Author: Teresa Stewart
Published: Feb 12 2014
Bicycle riding is a great way for families to bond and spend quality time together. It also gets everyone away from the television and other electronic devices and out of the house for some exercise. People have traditionally ridden bicycles with little concern for head injury in the event of an accident. As children we road our bikes up and down hills and in the street with no bike lanes and without helmets, knee pads or any of the other protective gear that is now required by law.
The focus on safety in contemporary society has also been enhanced by information concerning the long-term damage suffered from head injuries of any kind, including participation in sports as well as bike riding. In particular, we now know that concussions create injury situations that worsen over time instead of ceasing shortly after the injury. It is always a good practice to wear protective head gear when riding a bike, but this is even more important when on the highway and negotiating traffic.
A dedicated rider who has experienced accident repercussions will also usually include other protective gear as standard riding safety apparel, such as knee pads and bright colored clothing, because the decision to not wear adequate safety gear can end tragically in the wrong situation. Bike riding can be a fun and healthy family activity. It is important that children are taught the safety laws as soon as they are able to understand. By participating in family bike rides, as they watch the adults in the family practice, the safety rules it will become routine for them.
Here are a few laws concerning cycling that you should be aware of before your family hits the road.
The website of Atlanta injury attorneys, Stokes & Kopitsky lists the following cycling codes:
"The Official Code of Georgia Annotated (OCGA) sets forth rules for cycling, requiring the rider to “wear a helmet if under 16 years of age.” OCGA §40-6-294 requires cyclists to ride “as far to the right side of the roadway as practicable” and “with the flow of traffic.” Cyclists should not “ride more than two bikes abreast” upon any roadway or “cycle while drunk.” Georgia laws also prohibit cyclists from carrying anything that would prevent them from keeping one hand on the handlebars at all times. Effective July 1, 2011, cyclists must signal while turning or stopping, “raising their right arm horizontally to indicate a right turn.” Further, motorists must stay 3 feet away from cyclists while passing pursuant to OCGA §§40-6-55 and 40-6-56."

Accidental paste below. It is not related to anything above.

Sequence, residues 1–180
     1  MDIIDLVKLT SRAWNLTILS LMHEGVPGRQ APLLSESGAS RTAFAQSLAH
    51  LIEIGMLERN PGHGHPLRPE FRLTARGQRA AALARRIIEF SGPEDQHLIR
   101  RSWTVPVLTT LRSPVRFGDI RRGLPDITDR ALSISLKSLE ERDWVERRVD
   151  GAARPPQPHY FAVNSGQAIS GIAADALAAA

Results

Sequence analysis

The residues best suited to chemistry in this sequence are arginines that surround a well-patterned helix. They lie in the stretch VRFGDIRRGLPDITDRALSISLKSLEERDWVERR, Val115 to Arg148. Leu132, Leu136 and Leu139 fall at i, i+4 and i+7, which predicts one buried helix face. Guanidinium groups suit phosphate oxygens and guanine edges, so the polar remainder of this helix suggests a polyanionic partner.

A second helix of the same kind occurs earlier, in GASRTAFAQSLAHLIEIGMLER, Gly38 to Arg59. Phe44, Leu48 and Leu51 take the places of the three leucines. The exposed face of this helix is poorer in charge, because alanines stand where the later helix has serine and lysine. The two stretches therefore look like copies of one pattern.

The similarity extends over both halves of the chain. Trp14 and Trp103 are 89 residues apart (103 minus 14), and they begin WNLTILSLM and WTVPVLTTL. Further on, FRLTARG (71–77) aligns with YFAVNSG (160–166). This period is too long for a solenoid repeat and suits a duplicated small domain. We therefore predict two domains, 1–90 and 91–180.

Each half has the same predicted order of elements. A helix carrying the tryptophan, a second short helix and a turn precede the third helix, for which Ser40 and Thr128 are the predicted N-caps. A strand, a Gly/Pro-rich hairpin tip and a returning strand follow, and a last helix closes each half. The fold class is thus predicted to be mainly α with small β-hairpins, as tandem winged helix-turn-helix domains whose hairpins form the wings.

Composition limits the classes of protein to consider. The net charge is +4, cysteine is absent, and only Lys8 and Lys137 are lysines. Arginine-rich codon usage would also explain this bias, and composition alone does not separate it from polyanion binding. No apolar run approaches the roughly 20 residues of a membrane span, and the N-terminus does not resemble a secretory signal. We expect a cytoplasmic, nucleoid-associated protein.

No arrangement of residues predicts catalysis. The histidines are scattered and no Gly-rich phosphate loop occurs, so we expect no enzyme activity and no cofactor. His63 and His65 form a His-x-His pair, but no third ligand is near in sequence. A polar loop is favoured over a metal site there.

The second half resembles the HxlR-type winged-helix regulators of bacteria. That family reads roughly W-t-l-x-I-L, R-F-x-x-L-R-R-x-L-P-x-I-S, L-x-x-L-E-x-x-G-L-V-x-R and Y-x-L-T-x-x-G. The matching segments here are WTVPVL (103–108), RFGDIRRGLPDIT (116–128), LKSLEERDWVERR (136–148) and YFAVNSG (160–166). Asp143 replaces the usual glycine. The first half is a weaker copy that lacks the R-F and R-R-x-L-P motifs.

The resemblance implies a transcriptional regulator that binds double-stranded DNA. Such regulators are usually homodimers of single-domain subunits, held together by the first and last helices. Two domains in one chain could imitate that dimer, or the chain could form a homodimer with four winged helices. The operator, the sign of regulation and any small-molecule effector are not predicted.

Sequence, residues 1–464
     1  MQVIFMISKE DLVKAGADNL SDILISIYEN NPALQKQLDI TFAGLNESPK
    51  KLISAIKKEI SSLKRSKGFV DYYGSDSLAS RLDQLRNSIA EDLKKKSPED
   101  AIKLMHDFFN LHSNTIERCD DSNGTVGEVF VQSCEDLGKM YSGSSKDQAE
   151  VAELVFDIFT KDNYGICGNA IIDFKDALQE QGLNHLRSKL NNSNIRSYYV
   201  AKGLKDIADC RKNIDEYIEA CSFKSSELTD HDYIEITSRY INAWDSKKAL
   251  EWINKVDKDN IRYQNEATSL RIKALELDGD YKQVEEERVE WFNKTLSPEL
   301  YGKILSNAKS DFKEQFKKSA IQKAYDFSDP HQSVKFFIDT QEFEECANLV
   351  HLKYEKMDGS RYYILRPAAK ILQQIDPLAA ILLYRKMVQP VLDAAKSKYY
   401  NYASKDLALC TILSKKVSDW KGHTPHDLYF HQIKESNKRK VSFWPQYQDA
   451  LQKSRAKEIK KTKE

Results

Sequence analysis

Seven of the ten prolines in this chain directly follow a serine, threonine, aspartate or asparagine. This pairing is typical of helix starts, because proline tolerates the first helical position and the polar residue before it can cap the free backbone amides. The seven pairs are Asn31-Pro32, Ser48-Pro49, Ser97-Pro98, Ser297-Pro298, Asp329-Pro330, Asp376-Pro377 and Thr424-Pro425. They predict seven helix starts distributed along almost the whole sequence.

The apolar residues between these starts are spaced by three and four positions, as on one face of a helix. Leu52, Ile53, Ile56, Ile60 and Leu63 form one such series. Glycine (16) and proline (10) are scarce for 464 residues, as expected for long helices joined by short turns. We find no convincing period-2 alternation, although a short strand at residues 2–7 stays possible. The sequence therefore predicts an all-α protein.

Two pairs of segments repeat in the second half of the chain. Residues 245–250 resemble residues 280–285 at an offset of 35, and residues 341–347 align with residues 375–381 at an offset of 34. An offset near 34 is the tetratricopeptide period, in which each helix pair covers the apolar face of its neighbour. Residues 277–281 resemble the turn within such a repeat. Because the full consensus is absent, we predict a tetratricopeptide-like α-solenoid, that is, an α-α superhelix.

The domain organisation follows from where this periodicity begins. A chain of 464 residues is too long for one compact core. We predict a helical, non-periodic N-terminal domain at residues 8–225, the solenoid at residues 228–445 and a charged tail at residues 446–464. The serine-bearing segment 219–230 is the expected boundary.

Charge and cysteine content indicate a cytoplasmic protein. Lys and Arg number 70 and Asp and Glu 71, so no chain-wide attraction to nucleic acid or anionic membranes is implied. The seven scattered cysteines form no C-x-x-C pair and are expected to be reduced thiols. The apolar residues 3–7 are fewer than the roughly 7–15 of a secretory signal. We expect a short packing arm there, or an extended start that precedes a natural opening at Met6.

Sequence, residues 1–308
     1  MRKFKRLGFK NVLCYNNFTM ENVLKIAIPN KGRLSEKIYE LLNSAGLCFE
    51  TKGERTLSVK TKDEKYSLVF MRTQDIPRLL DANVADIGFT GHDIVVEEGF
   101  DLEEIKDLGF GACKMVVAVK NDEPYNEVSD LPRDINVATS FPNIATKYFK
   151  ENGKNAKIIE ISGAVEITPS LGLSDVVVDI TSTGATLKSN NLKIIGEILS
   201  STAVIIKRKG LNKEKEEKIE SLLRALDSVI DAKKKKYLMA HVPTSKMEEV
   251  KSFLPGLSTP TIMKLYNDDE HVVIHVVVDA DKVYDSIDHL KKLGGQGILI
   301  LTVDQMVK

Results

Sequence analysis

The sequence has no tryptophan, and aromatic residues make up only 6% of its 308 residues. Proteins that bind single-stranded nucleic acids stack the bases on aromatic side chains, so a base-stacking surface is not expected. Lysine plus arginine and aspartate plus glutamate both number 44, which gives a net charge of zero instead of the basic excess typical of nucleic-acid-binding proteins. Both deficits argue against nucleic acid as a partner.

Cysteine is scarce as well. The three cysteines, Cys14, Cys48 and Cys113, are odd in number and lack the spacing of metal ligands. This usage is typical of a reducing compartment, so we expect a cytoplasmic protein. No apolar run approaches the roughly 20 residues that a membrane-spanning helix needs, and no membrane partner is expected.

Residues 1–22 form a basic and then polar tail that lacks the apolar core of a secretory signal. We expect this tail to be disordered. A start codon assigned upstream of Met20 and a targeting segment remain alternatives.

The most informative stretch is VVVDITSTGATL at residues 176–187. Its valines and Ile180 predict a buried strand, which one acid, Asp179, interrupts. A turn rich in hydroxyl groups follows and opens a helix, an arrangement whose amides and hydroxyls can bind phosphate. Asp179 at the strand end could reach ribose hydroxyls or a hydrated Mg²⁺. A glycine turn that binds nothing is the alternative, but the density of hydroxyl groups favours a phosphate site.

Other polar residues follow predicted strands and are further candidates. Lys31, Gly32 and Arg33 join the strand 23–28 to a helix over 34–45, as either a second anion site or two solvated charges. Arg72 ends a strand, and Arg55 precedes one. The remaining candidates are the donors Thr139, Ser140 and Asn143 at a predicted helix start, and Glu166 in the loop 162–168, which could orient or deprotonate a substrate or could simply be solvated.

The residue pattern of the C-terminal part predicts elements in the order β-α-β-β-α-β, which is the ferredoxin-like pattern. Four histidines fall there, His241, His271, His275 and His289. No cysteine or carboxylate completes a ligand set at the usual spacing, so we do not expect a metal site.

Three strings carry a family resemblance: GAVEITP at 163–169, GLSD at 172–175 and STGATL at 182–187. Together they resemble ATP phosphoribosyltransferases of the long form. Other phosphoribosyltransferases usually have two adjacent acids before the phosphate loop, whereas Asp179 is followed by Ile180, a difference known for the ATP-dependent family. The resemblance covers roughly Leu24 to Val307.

It is important for anyone who will be riding a bicycle on vehicle roadways to know all of the rules and regulations regarding negotiating traffic on a bicycle. The most important of these regulations is the helmet requirement. Wearing a helmet in highway traffic is just common sense, as any bicycle operator who is involved in an accident is at a severe disadvantage for potential injury. The laws are in place for a reason, that being the best of possible outcomes for all motorists.
Motorcycle enthusiasts and rider organizations have successfully influenced legislatures in several states to eliminate a motorcycle helmet law, but that is not the same political dynamic for bicycle riders. Motorcycles are considered standard motorized highway vehicles and do not enjoy pedestrian right-of-way status. Bicycle riders should not be deceived into thinking the helmet is true protection or consider the decision on the basis of motorcycle riders. Most states have established legislation requiring wearing bike helmets in traffic, and operators can be cited by police officers, especially when involved in an accident resulting in injuries.
Bicycle operators who ride in highway traffic are required to comply with the same rules of the road as motorized vehicles. This includes giving adequate hand signals before turning, especially across traffic, and changing lanes. In addition, most states require the bike rider to ride on the right side of the highway and use designated bike lanes where they are provided. Riding after dark requires a significantly illuminated head lamp.
It is important to understand that bicycle operators do not have carte blanche claim to right-of-way as foot pedestrians. Bicycle riders who are involved in an accident in states that use contributory and comparative negligence doctrines may not be eligible to collect for injuries sustained in the accident if the court finds that the bicycle rider was assessed a percentage of assumption of personal risk that totals above the vehicle operators. This situation usually stems from navigating traffic without giving proper signals. It is important for anyone involved in a bicycle accident to retain an experienced accident attorney because these cases can be complicated and result in competing testimony.
It is much cooler to be a safe nerd than an injured or dead daredevil. Children learn by example if they are taught from the beginning to obey cycling laws it will become a good habit and your family can enjoy many years of cycling together.
Teresa Stewart is a freelance writer who actively “spins” indoors but is considering gearing up for outside activity. While reviewing the cycling laws on Atlanta injury attorneys Stokes & Kopitsky's website, she discovered that there are many laws in place that enable motorists and cyclists to safely share the road.
Photo credit: http://www.flickr.com/photos/77751108@N00/7150081389/
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